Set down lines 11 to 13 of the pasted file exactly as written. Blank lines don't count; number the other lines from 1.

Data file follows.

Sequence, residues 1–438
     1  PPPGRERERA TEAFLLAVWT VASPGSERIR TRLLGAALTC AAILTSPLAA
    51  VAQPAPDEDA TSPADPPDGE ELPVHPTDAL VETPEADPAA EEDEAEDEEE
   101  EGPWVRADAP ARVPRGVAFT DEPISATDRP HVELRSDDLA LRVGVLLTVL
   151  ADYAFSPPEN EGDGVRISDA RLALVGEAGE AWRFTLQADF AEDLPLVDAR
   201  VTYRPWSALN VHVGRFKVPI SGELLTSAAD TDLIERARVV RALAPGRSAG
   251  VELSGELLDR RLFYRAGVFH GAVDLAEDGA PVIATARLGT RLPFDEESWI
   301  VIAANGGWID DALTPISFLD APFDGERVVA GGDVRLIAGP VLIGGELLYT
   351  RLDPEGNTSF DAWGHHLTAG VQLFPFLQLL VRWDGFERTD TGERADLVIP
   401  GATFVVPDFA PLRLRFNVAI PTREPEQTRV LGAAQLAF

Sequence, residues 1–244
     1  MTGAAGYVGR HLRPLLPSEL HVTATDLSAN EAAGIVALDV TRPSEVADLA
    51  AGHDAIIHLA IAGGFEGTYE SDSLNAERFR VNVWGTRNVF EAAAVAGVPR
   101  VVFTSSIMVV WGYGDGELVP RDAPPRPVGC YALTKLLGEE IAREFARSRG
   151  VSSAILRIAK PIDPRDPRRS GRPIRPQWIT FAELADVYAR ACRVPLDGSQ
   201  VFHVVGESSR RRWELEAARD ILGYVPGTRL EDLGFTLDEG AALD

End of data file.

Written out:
Sequence, residues 1–244
     1  MTGAAGYVGR HLRPLLPSEL HVTATDLSAN EAAGIVALDV TRPSEVADLA
    51  AGHDAIIHLA IAGGFEGTYE SDSLNAERFR VNVWGTRNVF EAAAVAGVPR